Diane: That image was really great.

 

Read more:

Emerge Jury interview (part 1 of 4)

Emerge Jury interview (part 3 of 4)

Emerge Jury interview (part 4 of 4)

 

An edited version of the interview is included in Emerge/Evolve 2018: A Showcase of Rising and Evolving Talents in Kiln-Glassavailable for purchase at bullseyeglass.com. 

Emerge/Evolve tours to Chrysler Museum of Art April 5 - July 28, 2019, including An Evening with the Curator: Michael Endo on the Art of Kilnformed Glass on May 30, 2019.

Emerge/Evolve tours to Bellevue Arts Museum August 23, 2019 - January 12, 2020.

About the author

Michael Endo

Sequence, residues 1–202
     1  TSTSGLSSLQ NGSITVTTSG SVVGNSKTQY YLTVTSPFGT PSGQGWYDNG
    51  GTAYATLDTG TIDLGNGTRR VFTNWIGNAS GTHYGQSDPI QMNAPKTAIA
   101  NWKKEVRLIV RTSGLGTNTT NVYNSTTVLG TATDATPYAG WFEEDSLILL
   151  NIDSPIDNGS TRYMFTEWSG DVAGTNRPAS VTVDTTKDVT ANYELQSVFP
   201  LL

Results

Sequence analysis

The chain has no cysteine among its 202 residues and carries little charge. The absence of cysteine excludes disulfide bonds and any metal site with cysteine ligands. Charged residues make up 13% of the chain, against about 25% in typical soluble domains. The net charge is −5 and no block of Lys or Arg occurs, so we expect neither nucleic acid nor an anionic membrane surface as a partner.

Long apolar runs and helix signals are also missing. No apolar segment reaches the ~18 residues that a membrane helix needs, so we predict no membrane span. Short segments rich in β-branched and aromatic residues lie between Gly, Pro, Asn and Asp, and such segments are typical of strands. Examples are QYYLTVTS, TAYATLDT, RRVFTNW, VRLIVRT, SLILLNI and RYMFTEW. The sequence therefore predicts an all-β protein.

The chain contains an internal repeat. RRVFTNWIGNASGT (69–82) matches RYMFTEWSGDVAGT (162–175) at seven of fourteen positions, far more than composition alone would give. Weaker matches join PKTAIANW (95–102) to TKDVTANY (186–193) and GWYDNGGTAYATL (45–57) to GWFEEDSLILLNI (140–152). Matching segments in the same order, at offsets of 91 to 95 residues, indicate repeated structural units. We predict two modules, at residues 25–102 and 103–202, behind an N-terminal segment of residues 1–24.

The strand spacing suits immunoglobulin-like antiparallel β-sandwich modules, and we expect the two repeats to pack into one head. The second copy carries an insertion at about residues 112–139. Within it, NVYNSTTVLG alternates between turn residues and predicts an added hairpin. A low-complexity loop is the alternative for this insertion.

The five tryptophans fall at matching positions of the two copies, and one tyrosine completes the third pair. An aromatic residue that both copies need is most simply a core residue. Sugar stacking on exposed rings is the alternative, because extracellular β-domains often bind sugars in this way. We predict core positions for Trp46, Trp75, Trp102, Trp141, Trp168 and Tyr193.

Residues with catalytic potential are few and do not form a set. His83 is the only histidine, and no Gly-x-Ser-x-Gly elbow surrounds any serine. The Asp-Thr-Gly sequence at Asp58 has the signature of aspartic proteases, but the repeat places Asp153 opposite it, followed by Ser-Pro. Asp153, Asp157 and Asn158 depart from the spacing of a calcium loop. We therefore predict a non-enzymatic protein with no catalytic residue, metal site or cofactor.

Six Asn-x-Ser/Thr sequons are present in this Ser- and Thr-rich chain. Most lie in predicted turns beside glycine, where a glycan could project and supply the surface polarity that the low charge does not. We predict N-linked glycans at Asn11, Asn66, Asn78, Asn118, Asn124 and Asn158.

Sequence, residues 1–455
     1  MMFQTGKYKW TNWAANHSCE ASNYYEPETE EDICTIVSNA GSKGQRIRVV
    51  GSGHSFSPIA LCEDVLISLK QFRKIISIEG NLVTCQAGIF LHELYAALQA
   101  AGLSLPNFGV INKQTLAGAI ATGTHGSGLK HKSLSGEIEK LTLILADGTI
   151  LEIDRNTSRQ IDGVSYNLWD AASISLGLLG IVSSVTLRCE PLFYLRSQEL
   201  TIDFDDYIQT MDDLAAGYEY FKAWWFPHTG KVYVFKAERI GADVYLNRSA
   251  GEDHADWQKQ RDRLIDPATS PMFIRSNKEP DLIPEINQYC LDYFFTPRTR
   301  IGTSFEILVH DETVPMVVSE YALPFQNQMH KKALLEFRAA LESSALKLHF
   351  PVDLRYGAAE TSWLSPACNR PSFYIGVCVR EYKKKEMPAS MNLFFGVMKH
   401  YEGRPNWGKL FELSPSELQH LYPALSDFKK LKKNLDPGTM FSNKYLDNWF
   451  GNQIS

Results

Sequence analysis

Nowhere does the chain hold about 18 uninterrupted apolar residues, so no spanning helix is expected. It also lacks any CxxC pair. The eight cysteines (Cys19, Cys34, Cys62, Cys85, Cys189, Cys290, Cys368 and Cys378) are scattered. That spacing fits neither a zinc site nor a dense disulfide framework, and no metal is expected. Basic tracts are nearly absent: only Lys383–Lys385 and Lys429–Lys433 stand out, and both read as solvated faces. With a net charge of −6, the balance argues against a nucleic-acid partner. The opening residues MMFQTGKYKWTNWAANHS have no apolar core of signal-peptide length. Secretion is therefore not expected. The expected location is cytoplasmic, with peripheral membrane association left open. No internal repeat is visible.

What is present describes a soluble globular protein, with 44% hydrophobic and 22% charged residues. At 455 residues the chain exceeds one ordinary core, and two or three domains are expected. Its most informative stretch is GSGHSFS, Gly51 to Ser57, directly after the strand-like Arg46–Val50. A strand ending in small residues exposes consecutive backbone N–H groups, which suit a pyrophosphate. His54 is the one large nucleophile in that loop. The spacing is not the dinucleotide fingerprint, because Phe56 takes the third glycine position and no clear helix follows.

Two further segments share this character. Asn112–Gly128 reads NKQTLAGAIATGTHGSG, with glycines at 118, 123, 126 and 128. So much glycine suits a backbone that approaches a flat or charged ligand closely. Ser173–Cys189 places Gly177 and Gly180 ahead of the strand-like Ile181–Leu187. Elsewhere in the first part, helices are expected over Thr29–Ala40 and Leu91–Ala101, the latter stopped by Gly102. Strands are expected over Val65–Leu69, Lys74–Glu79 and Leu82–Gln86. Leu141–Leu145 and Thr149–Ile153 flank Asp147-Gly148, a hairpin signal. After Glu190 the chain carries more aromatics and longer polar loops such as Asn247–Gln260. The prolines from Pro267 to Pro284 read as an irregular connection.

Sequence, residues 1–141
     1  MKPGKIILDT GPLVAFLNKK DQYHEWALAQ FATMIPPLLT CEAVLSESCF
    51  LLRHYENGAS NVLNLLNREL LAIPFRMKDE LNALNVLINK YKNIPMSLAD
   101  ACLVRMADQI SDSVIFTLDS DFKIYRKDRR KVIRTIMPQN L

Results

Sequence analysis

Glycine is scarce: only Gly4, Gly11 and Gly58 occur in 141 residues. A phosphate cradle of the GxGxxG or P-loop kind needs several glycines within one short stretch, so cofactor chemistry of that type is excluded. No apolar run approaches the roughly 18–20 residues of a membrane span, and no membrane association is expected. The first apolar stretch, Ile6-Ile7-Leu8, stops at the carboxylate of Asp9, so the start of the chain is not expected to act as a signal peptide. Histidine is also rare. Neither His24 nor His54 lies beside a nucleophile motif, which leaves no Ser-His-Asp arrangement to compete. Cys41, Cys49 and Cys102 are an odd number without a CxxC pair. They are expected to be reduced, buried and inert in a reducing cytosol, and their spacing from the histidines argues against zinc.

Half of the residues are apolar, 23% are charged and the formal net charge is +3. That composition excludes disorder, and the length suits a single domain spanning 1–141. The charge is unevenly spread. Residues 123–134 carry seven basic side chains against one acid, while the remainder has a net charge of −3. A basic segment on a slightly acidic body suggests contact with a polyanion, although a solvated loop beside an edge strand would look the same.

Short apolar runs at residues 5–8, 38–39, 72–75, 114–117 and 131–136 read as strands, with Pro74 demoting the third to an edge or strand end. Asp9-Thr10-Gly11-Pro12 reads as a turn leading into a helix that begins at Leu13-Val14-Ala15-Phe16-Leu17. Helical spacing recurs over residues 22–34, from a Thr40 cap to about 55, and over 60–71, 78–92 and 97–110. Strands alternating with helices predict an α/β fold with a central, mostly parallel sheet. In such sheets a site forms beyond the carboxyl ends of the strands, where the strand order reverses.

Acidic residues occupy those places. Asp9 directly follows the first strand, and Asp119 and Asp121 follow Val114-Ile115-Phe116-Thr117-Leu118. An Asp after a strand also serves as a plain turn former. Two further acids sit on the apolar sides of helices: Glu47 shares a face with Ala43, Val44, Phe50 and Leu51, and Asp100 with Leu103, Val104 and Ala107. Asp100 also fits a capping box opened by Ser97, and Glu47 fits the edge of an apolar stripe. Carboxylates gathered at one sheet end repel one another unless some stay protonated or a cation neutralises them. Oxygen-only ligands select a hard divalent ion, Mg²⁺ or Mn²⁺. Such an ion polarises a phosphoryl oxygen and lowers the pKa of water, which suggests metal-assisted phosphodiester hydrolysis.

In the summer of 2009, I returned to my hometown of Portland, Oregon and answered a Craigslist ad to work in the basement of a gallery I had never heard of and with a material I knew nothing about. In the subsequent years, I spent a very short time as an instructor/technician in Bullseye's Research & Education Department, introduced glass into my own studio practice, and in mid 2014 became Bullseye Gallery's first Curator. I assisted in the transition from Bullseye Gallery to Bullseye Projects and ushered in a new programmatic structure for our exhibitions and residencies. I hold an MFA in Painting from Cranbrook Academy of Art and a BA in Visual Art and Art History from Portland State University.